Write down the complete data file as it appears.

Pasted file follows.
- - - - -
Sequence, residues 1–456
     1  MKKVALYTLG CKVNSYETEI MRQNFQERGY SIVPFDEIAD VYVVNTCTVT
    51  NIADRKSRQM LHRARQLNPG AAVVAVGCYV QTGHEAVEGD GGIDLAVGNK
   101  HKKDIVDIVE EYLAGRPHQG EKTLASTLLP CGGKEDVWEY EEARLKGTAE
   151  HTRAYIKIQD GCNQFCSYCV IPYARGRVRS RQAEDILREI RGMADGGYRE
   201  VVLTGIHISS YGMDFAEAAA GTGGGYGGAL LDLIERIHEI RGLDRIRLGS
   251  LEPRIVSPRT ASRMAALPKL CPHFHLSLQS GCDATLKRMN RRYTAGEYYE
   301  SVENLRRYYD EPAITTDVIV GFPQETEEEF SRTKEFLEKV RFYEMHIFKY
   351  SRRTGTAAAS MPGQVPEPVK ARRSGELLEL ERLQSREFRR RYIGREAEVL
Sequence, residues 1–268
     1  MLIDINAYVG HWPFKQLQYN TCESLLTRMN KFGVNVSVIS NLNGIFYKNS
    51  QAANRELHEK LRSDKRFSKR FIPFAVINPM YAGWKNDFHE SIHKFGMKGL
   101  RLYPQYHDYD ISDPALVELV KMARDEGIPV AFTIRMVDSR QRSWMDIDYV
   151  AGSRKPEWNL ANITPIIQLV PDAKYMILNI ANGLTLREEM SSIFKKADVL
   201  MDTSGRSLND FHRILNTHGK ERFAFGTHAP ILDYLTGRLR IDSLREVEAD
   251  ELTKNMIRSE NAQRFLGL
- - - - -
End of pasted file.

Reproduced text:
Sequence, residues 1–456
     1  MKKVALYTLG CKVNSYETEI MRQNFQERGY SIVPFDEIAD VYVVNTCTVT
    51  NIADRKSRQM LHRARQLNPG AAVVAVGCYV QTGHEAVEGD GGIDLAVGNK
   101  HKKDIVDIVE EYLAGRPHQG EKTLASTLLP CGGKEDVWEY EEARLKGTAE
   151  HTRAYIKIQD GCNQFCSYCV IPYARGRVRS RQAEDILREI RGMADGGYRE
   201  VVLTGIHISS YGMDFAEAAA GTGGGYGGAL LDLIERIHEI RGLDRIRLGS
   251  LEPRIVSPRT ASRMAALPKL CPHFHLSLQS GCDATLKRMN RRYTAGEYYE
   301  SVENLRRYYD EPAITTDVIV GFPQETEEEF SRTKEFLEKV RFYEMHIFKY
   351  SRRTGTAAAS MPGQVPEPVK ARRSGELLEL ERLQSREFRR RYIGREAEVL
Sequence, residues 1–268
     1  MLIDINAYVG HWPFKQLQYN TCESLLTRMN KFGVNVSVIS NLNGIFYKNS
    51  QAANRELHEK LRSDKRFSKR FIPFAVINPM YAGWKNDFHE SIHKFGMKGL
   101  RLYPQYHDYD ISDPALVELV KMARDEGIPV AFTIRMVDSR QRSWMDIDYV
   151  AGSRKPEWNL ANITPIIQLV PDAKYMILNI ANGLTLREEM SSIFKKADVL
   201  MDTSGRSLND FHRILNTHGK ERFAFGTHAP ILDYLTGRLR IDSLREVEAD
   251  ELTKNMIRSE NAQRFLGL